In this edition of What’s In Your Stack? we find out how a cloud-bound application is developed and architected. The notes on how Redis is used in the architecture are especially interesting:
Who are you?
I built and run Listening Room, a website for listening to music for other people. It was one of the first websites that allowed multiple people to collaboratively build a playlist and listen to it together in real time.
How would you describe the development process you follow?
Up until about a year ago I was working at Google, which has a very comprehensive set of practices they follow for development. I learned a lot from the way people work at Google, but coming away form that process-heavy environment, and working by myself instead of on a team, has given me a lot of freedom to be fast and flexible instead of process-driven.
When I’m thinking about a new feature, I usually start by writing my ideas out with a pencil in my notebook. If I feel like I’m onto something good, I’ll sketch out some UI screens. When I have a UI that I think will work, I start coding. If it’s a larger piece of work I’ll try to think about the smaller tasks involved and write a TODO list on an index card or something, which helps keep me focused.
I try to think about the expected life cycle for a chunk of code before I invest too much time in it. For a lot of more experimental things I don’t write any unit tests or documentation, because I’m expecting that my whole approach will probably change based on my experience with the first version of the code.
What tools are you using for development and delivering your software?
I use Emacs for coding, terminal windows to run my code, and a whole bunch of web browsers for testing things. I code on a Mac and deploy to Debian/Ubuntu on my cloud servers. There’s so many developers working on Macs, and using similar stacks, these days, that it’s usually not hard to get all the same tools and frameworks I’ll be using in production installed (in particular homebrew is awesome here).
The main technologies I use for Listening Room are node.js, MongoDB for permanent data storage, Redis for message queues and an event bus, and FFmpeg for transcoding audio. As a long time client-side JS programmer it’s been fun using node on the server. My main concern when I started using node was the lack of libraries, but in practice that hasn’t been a problem, for two reasons. First, there’s an amazing community of programmers on GitHub churning out open source node libraries all the time and publishing them to npm. And second, node makes it really easy to call out to other processes. For example, there’s no node.js bindings for ffmpeg (or at least there weren’t when I started working on Listening Room), so I just call the ffmpeg binary from node, pass the music data through stdin/stdout, and read metadata from stderr.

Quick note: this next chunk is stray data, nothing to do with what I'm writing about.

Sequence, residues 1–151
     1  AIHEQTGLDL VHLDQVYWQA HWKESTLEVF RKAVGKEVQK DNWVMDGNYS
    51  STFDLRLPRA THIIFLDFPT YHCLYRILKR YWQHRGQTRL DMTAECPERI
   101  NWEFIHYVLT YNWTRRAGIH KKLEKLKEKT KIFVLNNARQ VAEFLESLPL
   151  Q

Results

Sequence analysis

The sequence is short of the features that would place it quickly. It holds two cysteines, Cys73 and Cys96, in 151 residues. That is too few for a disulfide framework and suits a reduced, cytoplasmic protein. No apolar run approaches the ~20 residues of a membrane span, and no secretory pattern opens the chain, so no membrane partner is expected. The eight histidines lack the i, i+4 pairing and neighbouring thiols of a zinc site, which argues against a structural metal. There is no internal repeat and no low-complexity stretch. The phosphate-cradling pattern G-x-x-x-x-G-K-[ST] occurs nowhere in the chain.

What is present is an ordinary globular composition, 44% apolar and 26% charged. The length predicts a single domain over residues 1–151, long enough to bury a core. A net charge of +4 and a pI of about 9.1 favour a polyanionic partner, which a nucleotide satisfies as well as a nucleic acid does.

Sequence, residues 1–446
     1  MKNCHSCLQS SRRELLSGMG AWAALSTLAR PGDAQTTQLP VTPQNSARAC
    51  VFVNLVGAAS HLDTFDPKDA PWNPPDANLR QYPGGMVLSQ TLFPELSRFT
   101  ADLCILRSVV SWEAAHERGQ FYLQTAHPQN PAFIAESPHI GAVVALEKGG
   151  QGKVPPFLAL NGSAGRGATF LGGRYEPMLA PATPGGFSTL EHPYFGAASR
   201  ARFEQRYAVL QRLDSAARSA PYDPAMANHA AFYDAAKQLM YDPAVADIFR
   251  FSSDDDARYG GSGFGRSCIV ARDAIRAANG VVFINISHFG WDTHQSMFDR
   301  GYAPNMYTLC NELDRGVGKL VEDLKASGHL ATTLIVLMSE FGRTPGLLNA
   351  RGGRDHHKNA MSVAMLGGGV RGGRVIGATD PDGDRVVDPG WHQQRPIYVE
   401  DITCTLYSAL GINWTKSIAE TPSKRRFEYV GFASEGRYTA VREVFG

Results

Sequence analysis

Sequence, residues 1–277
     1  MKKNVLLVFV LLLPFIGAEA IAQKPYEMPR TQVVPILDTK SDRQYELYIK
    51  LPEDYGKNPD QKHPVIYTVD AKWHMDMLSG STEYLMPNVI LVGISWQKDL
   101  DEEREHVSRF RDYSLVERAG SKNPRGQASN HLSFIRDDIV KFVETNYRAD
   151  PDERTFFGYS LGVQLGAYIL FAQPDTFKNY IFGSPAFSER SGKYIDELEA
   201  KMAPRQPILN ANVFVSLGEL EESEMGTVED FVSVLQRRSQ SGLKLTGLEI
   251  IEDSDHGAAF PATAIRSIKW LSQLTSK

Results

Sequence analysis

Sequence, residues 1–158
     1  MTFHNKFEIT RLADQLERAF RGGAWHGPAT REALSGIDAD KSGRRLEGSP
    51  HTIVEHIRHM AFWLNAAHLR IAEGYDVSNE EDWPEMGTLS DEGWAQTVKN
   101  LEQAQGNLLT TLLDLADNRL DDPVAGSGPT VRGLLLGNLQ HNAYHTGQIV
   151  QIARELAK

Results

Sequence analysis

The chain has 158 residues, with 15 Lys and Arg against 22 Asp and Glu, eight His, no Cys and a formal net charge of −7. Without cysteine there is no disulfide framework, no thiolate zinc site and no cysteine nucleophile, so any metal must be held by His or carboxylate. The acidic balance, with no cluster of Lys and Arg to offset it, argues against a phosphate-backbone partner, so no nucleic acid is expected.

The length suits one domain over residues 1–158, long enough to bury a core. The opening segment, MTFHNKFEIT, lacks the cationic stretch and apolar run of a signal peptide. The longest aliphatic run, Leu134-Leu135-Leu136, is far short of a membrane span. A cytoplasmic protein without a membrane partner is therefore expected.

Tell us about a recent tool, framework/SDK, or practice that you started using that worked out really well, much better than you’d thought. And/or, what’s one that didn’t work out well?
For a specific technology, I’ve been really happy with the choice of MongoDB. Coming from an SQL background it took me a while to acclimate, but now I really love it.
As far as overall system design, Listening Room uses lots of independent processes communicating through Redis instead of monolithic servers. Breaking up the server into lots of small services lets me take advantage of multiple cores, easily scale up parts of the app (by running multiple copies of the same service in parallel), and split tasks that used to run on the same machine across multiple machines without changing code. I was concerned about the performance of using Redis this way at first, but that hasn’t been a problem at all – Redis is super fast.
Anything else you want to tell us?
My Twitter handle is @SleeperCo (after my contract programming business, Sleeper Industries). My blog is http://fettig.net/weblog. I’m in Portland, Maine, an awesome little east coast mini-city. If you’re ever coming though feel free to ping me and I’ll be happy to buy you a coffee.